Dallas ISD students and faculty are moving forward after two cases of tuberculosis were found at W.T. White High School.
Dallas County Health and Human Services reported the disease in two brothers who most likely caught it from a relative that used to live with them, and said the patients have been receiving medical treatment for almost three months.
But a “lapse due to an unknown computer issue,” according to DCHHS, prevented DISD parents from knowing about the case until Aug. 31. Parents received a voicemail and a letter from the district.
The brothers were deemed not contagious, and free screenings were conducted on students and faculty in early September.
“We also did skin screenings on the students’ arms,” said Marisa Gonzalez, DCHHS public health educator. “We don’t have a specific statement on the case, but we did have health officials out there [at the school] conducting tests.”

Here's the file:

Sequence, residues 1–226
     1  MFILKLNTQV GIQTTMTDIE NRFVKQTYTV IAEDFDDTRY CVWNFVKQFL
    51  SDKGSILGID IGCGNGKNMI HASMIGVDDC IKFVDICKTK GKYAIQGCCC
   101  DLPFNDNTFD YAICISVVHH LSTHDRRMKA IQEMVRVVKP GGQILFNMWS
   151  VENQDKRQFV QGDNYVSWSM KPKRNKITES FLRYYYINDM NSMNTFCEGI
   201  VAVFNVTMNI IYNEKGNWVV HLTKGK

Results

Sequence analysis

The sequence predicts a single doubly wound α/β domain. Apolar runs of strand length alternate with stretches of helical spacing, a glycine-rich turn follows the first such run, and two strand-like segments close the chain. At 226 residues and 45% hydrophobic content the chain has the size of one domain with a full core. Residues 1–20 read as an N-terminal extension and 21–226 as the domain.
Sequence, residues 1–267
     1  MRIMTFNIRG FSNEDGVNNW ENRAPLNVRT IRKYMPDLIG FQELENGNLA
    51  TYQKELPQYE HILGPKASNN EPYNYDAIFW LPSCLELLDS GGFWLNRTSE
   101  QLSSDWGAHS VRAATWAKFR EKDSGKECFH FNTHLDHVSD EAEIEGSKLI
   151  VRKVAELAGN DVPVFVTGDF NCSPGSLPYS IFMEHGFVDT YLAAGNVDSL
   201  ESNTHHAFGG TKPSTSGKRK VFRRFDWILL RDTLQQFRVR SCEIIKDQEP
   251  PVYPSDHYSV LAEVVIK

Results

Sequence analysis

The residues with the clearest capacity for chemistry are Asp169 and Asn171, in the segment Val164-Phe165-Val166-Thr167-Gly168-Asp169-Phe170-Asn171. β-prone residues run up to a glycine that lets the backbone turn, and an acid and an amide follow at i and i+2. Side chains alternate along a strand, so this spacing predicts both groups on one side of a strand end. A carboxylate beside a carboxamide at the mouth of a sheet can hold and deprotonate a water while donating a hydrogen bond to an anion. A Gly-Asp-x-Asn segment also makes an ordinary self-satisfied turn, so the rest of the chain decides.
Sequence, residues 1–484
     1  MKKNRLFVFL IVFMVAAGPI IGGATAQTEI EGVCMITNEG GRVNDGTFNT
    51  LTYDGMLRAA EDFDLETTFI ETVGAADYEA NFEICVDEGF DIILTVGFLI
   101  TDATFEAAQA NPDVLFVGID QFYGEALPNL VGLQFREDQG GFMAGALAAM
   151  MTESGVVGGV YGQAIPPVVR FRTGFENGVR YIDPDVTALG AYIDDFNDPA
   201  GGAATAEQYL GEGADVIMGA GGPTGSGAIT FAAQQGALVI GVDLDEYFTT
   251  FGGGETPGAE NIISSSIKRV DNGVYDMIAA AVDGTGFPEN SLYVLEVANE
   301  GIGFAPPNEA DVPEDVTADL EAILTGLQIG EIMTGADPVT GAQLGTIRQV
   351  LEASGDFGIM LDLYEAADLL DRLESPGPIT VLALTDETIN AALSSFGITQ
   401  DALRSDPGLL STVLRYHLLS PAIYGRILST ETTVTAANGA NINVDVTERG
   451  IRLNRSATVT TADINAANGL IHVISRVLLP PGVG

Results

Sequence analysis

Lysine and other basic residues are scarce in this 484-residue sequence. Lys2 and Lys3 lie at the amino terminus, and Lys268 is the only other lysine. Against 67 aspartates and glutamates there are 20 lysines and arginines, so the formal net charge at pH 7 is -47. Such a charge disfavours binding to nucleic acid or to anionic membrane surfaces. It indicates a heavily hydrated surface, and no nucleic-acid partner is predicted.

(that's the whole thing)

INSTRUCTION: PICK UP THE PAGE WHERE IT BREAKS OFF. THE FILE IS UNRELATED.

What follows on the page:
Dallas ISD released a statement, calling the safety of its students “a top priority.”
“We will continue to work closely with DCHHS and follow their protocol to ensure the wellness of our students and staff,” it read.
Health officials determined that more than 150 students came in contact with the brothers during the first weeks of school before their diagnosis became known. No additional cases have been reported since the initial discovery.
The federal government only recommends tuberculosis vaccinations for persons at high-risk for the disease.
According to DCHHS, an infection can lead to tuberculosis if the patient has a compromised immune system (such as from HIV), came in contact with tuberculosis germs in the past two years, or received improper treatment for tuberculosis in the past. Like the flu, tuberculosis is transmitted from person to person when the infected person coughs, sneezes, or “causes the germs to become airborne,” officials said.
Symptoms of tuberculosis are often flu-like: A cough that may last longer than three weeks, weakness and fatigue, chills, fever, night sweats, and a lack of appetite. If the infection has spread to the lungs, the patient may cough up blood.
DCHHS reports that taking a strong antibiotic for up to nine months can effectively treat tuberculosis.